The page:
The earliest memory I have is of the day you left. I was four.
It was nearly five years later before I saw you again. You never stayed long on the days you did show up. I don’t remember many of those days. But I do remember the days you weren’t there.
When I was nine, we were going to spend the weekend together. You went out to the bar and left me with a babysitter instead.
When I was 10, you were supposed to pick me up from my softball game. You never came.
At 11, you told me your fiance didn’t want me to come over.
You didn’t call me for three years.
At 14, you said you’d come to my eighth grade graduation because I was speaking. You didn’t show up.
After I turned 18, I moved into your house with the hopes that we could repair our broken relationship.
You went back on the road and I lived alone.
After I turned 21, I invited you to my wedding thinking you would be there like you were for your two other children. You chose not to come.
There’s a story I was told, one that I vaguely remember as a little girl.
We were at my stepdad’s house, and I knocked over my cup of milk on the table. Immediately, I burst into tears. When he asked my mom why I was crying over spilled milk, she said it was because you would have yelled at me for making a mess.
Still, I spent 20 years hoping and wishing that you would love me the way I deserved. I wasted two decades dreaming of a life that included you. I pushed my stepdad away, scared that a relationship with him would ruin any chance at one with you.
But I should have known better.
The times you thought you were fulfilling your duties were simply instances in which you attempted to buy my love. But a daughter’s love is more valuable than that. I gave it to the man who earned it, one who didn’t try to buy my love but was there when you weren’t.
When you didn’t pick me up from my softball game, he drove me home. Each time you left me staring out the front door waiting for you to pull into the driveway, he was there. Every time you stood me up, he was the one who watched my heart break.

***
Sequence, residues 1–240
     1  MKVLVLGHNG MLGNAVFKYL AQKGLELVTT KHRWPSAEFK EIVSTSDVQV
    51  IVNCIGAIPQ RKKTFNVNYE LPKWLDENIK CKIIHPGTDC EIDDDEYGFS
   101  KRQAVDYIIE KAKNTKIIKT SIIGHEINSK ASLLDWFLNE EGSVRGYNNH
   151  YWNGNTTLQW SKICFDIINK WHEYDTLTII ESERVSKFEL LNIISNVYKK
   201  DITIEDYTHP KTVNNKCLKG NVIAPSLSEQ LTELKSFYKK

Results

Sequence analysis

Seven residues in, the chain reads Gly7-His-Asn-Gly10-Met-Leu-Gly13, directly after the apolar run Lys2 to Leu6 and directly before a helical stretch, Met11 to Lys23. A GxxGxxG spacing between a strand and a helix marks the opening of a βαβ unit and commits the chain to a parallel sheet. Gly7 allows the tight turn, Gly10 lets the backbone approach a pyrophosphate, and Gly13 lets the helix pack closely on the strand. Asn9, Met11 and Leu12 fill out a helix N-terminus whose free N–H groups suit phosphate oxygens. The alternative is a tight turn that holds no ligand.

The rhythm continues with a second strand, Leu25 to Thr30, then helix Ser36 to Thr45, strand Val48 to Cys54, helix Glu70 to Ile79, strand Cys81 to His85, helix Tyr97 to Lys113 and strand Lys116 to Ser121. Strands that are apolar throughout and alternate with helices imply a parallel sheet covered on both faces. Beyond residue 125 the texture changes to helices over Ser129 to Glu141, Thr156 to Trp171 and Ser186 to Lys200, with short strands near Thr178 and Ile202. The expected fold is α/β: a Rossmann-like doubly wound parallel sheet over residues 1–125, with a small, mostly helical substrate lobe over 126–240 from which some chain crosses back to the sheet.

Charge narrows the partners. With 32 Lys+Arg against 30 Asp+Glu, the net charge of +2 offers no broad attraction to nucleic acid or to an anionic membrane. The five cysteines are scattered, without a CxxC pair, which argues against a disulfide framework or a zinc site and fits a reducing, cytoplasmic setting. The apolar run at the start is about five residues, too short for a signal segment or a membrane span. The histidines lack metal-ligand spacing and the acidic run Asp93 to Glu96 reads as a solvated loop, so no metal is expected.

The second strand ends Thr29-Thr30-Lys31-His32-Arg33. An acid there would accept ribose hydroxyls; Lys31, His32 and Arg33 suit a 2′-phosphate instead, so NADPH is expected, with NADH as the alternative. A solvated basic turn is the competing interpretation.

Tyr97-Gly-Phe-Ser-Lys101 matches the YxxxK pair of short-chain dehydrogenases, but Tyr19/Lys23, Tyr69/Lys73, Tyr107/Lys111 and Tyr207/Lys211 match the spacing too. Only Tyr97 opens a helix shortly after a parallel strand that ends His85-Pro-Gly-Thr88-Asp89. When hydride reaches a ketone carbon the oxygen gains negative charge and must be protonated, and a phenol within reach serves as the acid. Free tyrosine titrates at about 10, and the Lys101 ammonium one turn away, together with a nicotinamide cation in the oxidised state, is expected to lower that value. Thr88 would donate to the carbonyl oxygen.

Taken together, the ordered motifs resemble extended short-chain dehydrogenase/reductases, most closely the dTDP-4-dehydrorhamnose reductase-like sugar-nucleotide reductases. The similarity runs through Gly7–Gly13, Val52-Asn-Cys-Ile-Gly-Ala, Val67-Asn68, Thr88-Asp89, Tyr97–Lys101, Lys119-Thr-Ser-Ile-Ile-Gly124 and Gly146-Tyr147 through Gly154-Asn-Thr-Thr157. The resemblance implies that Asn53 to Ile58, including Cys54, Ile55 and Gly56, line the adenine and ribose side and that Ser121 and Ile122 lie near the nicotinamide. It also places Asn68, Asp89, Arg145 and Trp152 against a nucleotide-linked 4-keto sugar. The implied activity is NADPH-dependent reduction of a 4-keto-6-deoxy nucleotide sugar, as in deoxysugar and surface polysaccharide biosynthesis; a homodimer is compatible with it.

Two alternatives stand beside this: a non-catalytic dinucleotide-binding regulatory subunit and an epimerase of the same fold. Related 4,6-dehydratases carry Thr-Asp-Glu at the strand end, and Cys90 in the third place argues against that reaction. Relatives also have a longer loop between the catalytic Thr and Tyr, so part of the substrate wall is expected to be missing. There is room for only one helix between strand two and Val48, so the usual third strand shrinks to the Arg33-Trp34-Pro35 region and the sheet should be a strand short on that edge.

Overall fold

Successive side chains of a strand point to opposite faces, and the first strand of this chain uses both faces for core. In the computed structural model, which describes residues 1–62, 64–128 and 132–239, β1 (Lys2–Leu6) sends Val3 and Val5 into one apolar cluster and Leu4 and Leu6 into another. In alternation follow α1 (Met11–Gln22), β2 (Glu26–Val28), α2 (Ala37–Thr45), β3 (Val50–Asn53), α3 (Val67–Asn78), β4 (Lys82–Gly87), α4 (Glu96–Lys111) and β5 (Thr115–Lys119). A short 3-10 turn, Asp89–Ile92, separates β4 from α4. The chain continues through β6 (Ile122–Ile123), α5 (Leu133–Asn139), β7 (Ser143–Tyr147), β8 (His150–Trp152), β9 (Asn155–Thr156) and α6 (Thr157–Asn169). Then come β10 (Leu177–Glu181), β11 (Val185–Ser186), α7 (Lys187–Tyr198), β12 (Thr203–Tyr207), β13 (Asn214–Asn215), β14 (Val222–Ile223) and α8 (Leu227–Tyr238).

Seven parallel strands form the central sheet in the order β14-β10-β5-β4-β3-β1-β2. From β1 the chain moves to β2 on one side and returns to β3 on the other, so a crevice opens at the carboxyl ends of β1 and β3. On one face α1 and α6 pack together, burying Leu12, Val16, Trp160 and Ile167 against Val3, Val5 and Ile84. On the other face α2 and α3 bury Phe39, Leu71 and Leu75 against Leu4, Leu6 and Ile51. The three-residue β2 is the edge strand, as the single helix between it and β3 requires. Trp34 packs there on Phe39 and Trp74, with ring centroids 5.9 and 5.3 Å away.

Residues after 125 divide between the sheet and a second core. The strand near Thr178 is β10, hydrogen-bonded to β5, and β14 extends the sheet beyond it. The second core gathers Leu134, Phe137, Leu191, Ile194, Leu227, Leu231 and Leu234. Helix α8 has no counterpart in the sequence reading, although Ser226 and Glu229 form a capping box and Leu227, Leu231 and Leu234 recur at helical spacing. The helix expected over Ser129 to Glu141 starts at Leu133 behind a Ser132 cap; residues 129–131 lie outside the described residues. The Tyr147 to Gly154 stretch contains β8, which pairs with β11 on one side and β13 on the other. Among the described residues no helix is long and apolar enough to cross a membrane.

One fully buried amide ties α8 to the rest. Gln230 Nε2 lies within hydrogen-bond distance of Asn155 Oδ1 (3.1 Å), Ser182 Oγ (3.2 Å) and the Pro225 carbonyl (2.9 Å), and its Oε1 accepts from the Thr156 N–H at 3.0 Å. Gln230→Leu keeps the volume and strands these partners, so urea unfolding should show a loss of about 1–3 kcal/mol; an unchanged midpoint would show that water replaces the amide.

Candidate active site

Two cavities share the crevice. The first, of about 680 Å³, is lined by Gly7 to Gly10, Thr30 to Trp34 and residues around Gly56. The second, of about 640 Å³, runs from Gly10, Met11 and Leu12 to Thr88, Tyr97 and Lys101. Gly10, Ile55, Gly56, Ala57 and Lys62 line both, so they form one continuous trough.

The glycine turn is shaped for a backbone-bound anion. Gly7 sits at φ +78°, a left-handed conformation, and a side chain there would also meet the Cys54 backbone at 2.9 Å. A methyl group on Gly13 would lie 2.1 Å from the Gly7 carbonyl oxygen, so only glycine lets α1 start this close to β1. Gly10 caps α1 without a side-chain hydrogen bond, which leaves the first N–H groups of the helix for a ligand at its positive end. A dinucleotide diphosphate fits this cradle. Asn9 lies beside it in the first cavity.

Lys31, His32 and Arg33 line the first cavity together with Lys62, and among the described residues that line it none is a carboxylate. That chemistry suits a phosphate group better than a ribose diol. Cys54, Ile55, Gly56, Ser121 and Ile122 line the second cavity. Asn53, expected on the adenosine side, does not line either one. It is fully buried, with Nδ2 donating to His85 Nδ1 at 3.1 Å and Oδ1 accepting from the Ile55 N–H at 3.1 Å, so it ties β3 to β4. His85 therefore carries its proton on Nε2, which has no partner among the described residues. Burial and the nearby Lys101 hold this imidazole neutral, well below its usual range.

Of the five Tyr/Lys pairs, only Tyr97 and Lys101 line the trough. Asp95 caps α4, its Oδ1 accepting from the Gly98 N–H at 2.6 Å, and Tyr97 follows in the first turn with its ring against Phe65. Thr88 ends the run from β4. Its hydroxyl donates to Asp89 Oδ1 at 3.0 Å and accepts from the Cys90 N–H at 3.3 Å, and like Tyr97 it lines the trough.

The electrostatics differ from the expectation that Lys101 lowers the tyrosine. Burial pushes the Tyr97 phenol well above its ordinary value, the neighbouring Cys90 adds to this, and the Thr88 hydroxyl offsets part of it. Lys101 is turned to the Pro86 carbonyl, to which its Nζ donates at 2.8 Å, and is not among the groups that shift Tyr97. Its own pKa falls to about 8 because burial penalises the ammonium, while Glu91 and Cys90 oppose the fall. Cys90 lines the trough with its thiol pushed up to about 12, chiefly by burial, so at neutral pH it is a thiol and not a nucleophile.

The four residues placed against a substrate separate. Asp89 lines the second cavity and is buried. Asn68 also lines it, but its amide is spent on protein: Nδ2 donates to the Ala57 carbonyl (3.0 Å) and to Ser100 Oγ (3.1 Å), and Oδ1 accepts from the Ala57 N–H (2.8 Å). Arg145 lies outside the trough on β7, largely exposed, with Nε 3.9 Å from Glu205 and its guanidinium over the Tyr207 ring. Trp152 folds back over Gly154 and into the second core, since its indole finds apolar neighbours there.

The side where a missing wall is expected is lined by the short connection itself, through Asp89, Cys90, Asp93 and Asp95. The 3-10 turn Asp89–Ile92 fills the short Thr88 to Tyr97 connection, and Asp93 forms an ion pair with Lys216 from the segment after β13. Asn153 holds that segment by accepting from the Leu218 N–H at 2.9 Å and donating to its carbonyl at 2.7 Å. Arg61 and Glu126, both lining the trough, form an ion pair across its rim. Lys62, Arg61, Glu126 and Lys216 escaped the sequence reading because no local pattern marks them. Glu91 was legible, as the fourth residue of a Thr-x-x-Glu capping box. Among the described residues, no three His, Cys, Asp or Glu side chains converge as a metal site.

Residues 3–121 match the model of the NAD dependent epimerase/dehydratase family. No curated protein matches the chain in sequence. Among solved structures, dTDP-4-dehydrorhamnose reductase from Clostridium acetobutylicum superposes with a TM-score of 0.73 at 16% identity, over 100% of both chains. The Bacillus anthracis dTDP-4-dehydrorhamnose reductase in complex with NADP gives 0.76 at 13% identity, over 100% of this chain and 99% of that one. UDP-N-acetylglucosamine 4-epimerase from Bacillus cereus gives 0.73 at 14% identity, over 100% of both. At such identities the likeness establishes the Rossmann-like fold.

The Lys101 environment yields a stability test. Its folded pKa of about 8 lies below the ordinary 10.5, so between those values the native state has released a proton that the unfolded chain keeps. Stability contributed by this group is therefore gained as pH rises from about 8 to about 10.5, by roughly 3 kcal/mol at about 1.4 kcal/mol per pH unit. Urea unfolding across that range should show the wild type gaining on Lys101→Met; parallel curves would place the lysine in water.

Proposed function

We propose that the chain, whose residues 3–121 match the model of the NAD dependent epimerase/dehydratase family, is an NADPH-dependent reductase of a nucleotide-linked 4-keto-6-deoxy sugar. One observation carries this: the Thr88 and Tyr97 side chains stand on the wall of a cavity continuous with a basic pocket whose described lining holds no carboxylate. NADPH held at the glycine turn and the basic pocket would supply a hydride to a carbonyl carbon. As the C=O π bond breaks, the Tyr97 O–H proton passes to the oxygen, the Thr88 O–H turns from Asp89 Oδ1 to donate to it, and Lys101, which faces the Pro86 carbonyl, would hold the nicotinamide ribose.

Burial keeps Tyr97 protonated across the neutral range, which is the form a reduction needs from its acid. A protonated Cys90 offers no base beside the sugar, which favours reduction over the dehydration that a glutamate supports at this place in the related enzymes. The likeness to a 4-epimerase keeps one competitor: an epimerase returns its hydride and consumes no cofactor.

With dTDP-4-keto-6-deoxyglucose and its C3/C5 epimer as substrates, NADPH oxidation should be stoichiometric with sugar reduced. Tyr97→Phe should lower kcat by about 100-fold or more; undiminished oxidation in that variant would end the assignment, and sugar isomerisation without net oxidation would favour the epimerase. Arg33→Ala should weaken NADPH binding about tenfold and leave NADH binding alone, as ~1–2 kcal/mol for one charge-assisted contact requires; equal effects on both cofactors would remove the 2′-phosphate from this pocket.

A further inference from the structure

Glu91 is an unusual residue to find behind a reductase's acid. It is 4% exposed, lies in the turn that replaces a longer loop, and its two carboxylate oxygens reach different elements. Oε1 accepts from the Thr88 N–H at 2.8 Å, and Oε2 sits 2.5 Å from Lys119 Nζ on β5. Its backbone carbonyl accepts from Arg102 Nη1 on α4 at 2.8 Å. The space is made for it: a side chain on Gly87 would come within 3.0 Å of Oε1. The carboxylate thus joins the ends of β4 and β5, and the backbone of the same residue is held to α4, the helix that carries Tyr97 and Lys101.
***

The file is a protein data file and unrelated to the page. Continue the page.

During the years you never saw me, he took care of me every day.
He showed up to my eighth grade graduation. And he watched me walk across the stage when I graduated high school with honors. He taught me how to shoot a gun and how to bait a hook. And he drove me across the country for my first semester of college and told me he was proud of me. He walked me down the aisle and tells me he loves me every time I see him.
Last year was the most difficult year of my life.
You wouldn’t know anything about it because it’s been two years since we spoke last. I sank into a depression so deep, I never thought I would be able to climb out. He was the one who helped me find the strength to fight.
I could go on. I could tell you everything he’s done that you should’ve. And I could hurt you the way you hurt me every single day of my life since you left.
But I won’t.
Just as you don’t deserve my love, you don’t deserve any other piece of me. I will no longer allow you to hurt me by not being there, because this time you won’t be there by my choice.
I was a freshman in high school when I chose to spend my entire spring break with you. Every night, you chose alcohol over me. I sat at the house alone. Grandma had passed earlier that year; Grandpa was in Michigan. When we ran out of milk, and you promised to stop for some on your way home. At 2 a.m. you stumbled through the door drunk, and I pretended to be asleep when you came in to tell me goodnight with poison on your breath. In the morning, I poured a bowl of cereal.
You forgot the milk.